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Front derailleurs are amazing devices. One second you're grinding up towards the crest of a hill, and a few seconds later, thanks to a push with your left thumb, you're gaining speed on flat ground, motoring towards a glorious downhill section. Once the necessary speed to graduate to the big ring has been reached, that second thumb push puts a smile on your face and some wind in your sails. Trail riders and cross-country racers know these feelings well, and they owe it all to the front derailleur. A well adjusted, smooth-shifting one will make any ride more enjoyable.
There are two main types of front derailleurs: top pull and bottom pull. They are identifiable by how the shifter cable is routed on the frame to the front derailleur. If the cable comes from underneath the bottom bracket, it is a bottom pull model. If it is routed down the seat tube, a top pull design is required. Most derailleurs are designed to work only with one routing style, but there are such things as dual pull derailleurs capable of working with both top and bottom pull cable routings. There are also two swing types: top swing and bottom swing. Bottom swing designs are the most common and work well on most frame styles. Top swing derailleurs, however, are designed to work with frames that may not allow for proper installation of a bottom swing component.
There are two sizes to take into account for front derailleurs: the frame clamp diameter and the compatible gearing ratio.
Front derailleurs come in three frame clamp diameters: 31.8, 34.9 and 38.2mm. This is the measurement of the outside of the frame's seat-tube, and are the most common mounting style. "E-type" and direct mount derailleurs also exist that are secured to the frame by the bottom bracket or with bolts directly to the frame, respectively.
Choosing a derailleur that works with your gearing ratio is equally important. Derailleurs can be designed for either 3x9, 3x10 or 2x10 gears where the first number indicates how many front gears there are, and the second how many rear gears.
Front derailleurs use steel cages to move the chain from one ring to the other. Many companies use aluminum for the body of their high-end components to save weight.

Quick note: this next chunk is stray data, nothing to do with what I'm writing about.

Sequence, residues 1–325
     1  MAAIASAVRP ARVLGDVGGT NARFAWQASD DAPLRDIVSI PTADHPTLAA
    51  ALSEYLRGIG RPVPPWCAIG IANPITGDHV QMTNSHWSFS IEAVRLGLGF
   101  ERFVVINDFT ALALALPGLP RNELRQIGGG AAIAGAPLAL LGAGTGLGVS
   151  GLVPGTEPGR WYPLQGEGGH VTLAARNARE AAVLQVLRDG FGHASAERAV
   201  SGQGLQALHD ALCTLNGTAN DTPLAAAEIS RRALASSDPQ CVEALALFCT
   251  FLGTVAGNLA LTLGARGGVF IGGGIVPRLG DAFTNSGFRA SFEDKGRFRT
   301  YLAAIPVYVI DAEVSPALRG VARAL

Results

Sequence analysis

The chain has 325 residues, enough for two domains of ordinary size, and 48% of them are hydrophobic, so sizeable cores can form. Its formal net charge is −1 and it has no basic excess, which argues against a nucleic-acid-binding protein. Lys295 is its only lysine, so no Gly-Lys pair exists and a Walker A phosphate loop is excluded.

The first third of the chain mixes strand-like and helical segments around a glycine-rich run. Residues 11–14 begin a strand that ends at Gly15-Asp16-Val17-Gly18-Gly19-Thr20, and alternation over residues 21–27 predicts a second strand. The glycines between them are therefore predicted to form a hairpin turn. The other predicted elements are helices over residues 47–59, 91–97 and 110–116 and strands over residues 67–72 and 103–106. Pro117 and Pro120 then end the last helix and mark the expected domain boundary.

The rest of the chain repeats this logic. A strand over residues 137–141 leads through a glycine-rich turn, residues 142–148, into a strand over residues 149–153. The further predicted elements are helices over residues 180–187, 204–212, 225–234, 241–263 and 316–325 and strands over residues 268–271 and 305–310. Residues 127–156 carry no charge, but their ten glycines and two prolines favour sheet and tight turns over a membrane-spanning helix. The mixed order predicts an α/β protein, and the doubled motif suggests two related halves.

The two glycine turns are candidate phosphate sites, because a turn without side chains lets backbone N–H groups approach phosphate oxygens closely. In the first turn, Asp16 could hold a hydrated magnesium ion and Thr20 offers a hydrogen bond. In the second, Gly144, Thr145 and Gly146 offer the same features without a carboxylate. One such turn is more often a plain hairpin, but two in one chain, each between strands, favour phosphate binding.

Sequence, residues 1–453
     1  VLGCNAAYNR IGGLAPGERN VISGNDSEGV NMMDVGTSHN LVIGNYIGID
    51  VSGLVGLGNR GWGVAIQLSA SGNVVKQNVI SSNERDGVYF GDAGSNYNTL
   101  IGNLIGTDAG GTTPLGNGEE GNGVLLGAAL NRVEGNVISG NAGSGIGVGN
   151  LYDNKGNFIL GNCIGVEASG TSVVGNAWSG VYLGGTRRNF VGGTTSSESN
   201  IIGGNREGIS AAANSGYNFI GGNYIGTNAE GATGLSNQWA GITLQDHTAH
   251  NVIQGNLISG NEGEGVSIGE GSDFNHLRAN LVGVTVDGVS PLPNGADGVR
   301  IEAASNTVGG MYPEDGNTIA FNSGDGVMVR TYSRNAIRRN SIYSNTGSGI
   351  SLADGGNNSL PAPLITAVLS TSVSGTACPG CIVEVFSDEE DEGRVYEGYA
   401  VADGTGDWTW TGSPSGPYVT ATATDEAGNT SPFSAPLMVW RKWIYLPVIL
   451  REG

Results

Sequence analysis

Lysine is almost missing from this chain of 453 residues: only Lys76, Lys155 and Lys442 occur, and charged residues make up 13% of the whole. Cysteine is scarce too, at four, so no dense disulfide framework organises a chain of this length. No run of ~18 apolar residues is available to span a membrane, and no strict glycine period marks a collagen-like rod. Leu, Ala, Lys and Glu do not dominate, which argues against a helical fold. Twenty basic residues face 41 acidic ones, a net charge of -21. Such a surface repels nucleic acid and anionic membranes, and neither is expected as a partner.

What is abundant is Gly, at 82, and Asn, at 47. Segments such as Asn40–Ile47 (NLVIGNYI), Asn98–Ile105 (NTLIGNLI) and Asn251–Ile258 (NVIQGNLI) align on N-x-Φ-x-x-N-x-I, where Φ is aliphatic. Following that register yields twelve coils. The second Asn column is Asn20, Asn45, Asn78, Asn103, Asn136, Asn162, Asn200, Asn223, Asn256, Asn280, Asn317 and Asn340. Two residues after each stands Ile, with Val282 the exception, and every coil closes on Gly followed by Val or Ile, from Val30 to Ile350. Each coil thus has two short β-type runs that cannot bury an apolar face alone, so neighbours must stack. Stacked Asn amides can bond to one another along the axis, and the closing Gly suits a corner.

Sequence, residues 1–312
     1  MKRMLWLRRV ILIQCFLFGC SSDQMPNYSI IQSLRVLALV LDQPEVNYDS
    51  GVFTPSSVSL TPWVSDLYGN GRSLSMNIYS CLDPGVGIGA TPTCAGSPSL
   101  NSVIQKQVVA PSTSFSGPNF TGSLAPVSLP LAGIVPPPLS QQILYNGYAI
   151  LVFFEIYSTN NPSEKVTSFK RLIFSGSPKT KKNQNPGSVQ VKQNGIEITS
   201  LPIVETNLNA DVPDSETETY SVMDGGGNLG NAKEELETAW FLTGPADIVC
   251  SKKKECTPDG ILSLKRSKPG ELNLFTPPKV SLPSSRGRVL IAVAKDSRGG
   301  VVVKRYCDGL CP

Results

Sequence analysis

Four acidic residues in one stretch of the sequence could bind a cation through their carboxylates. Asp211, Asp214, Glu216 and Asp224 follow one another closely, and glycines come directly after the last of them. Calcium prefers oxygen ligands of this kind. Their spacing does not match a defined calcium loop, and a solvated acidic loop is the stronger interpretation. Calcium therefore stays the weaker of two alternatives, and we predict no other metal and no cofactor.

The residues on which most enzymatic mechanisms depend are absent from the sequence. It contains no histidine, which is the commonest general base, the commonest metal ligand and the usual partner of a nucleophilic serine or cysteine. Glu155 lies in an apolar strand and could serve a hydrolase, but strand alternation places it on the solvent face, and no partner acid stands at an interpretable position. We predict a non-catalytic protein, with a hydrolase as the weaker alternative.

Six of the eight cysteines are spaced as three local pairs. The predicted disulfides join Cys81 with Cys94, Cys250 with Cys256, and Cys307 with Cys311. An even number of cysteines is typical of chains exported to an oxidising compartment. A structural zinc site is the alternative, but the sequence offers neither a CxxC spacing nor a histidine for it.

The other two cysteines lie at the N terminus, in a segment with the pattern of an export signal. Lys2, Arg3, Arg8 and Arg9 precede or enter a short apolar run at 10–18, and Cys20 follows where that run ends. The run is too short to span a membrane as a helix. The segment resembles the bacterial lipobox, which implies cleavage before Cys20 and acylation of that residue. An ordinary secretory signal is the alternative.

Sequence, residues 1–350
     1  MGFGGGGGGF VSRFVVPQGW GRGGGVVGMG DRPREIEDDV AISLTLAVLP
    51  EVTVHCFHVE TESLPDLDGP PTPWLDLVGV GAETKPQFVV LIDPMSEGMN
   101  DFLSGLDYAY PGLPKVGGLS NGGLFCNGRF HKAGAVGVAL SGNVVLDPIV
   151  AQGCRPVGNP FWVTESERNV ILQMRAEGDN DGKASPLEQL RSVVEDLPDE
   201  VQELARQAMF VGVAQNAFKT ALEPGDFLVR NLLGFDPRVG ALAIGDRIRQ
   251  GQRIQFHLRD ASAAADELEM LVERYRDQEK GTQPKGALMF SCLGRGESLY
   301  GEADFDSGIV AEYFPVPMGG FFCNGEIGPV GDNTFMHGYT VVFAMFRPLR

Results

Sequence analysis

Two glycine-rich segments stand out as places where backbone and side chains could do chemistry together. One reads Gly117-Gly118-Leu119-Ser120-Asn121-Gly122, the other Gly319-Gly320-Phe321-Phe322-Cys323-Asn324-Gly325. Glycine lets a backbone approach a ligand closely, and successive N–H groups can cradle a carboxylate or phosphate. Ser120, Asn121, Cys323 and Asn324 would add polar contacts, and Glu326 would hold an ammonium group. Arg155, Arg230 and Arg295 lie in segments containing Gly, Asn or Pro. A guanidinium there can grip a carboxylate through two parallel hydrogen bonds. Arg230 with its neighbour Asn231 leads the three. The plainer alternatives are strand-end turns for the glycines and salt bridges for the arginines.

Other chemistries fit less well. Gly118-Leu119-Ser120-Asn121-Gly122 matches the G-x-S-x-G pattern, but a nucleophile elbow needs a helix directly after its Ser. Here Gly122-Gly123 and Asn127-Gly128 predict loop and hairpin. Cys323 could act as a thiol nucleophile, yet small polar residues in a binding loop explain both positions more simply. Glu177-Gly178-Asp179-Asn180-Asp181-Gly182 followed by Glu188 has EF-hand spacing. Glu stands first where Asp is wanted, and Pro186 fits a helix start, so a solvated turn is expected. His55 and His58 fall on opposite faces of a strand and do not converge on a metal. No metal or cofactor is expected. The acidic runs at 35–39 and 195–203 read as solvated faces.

There are three things to look for when purchasing a new front derailleur: the cable pull ratio of your current shifter, the number of gears in your drivetrain and the required mounting style for your frame.
There are only two pull ratios, 1:1 and 2:1, which depend on the brand and design of your shifter, so be sure to choose a derailleur that is compatible with your shifter's pull ratio.
The gearing of your bike also determines the style of derailleur you need. Derailleurs are made to work with a specific number of gears, so be sure to select the appropriate component based on these ratios.
The final thing to look into is the mounting style your frame requires, as discussed in the Sizes section.
Front derailleurs range in price from $15 to $125. The $15 to $50 range offers all of the available sizes and designs, but the emphasis in this collection is on value rather than performance. Derailleurs between $60 and $125 are top of the line components designed to deliver optimal performance at minimal weight.
Before buying, be sure to do your research and read product reviews. Reviews are a great way to find out specifics about a particular model, user impressions, and things to watch out for. After you've purchased a product and had enough time to thoroughly test it, we encourage you to leave a review for other people to see when they are researching bikes and parts on the web.
We hope you've found this information to be helpful. If you have a question that isn't answered in this guide, our mountain bike forums are a great place to get advice from knowledgeable riders. Your local bike shop is also a great resource.
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